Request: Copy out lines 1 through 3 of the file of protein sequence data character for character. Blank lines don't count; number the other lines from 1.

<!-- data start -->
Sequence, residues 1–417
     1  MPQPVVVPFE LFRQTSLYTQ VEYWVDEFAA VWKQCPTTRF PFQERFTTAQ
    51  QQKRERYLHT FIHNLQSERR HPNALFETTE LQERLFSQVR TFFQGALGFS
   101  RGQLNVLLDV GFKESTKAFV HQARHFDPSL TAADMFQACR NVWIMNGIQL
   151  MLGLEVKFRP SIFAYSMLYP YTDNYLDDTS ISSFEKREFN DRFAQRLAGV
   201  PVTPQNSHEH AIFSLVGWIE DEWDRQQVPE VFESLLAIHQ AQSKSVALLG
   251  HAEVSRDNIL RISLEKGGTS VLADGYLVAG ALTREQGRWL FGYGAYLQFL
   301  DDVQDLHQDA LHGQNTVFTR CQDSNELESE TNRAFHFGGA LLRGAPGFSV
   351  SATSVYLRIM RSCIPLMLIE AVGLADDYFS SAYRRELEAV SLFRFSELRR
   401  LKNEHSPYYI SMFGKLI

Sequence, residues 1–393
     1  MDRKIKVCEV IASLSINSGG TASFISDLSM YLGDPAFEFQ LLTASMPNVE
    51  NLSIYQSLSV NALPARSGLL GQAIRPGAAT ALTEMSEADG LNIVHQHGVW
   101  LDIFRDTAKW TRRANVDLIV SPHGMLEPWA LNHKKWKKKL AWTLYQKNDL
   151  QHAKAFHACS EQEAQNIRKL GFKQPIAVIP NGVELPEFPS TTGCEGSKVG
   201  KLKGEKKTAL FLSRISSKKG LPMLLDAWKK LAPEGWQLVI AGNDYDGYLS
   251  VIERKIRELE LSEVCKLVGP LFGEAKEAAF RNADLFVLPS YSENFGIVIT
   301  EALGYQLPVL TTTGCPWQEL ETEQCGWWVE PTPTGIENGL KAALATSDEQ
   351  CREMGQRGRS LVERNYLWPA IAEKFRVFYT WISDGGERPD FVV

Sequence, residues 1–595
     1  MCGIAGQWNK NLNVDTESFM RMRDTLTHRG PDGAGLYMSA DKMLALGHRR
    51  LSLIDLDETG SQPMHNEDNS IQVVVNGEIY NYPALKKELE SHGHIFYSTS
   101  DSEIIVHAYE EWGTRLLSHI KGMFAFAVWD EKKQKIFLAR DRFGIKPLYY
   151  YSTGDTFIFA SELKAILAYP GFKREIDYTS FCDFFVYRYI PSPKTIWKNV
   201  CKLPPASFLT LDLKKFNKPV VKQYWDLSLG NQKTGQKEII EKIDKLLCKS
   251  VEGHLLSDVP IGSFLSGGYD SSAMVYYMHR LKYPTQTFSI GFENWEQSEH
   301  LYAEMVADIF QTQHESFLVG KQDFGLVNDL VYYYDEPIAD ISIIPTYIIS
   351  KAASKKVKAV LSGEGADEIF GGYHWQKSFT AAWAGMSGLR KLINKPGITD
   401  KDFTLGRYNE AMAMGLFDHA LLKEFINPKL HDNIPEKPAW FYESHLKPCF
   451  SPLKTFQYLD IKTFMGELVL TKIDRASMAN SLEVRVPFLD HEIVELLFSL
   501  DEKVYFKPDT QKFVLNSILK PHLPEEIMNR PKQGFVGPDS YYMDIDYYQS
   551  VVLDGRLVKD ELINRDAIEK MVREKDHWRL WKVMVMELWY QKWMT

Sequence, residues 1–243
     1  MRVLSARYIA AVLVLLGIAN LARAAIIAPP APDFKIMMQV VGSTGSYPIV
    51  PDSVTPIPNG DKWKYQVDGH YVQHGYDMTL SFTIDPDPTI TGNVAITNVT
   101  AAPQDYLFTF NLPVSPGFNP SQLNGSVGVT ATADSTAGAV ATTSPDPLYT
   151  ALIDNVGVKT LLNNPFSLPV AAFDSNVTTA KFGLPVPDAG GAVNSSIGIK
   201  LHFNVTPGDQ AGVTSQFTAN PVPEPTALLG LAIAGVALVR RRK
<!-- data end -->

Sequence, residues 1–417
     1  MPQPVVVPFE LFRQTSLYTQ VEYWVDEFAA VWKQCPTTRF PFQERFTTAQ
    51  QQKRERYLHT FIHNLQSERR HPNALFETTE LQERLFSQVR TFFQGALGFS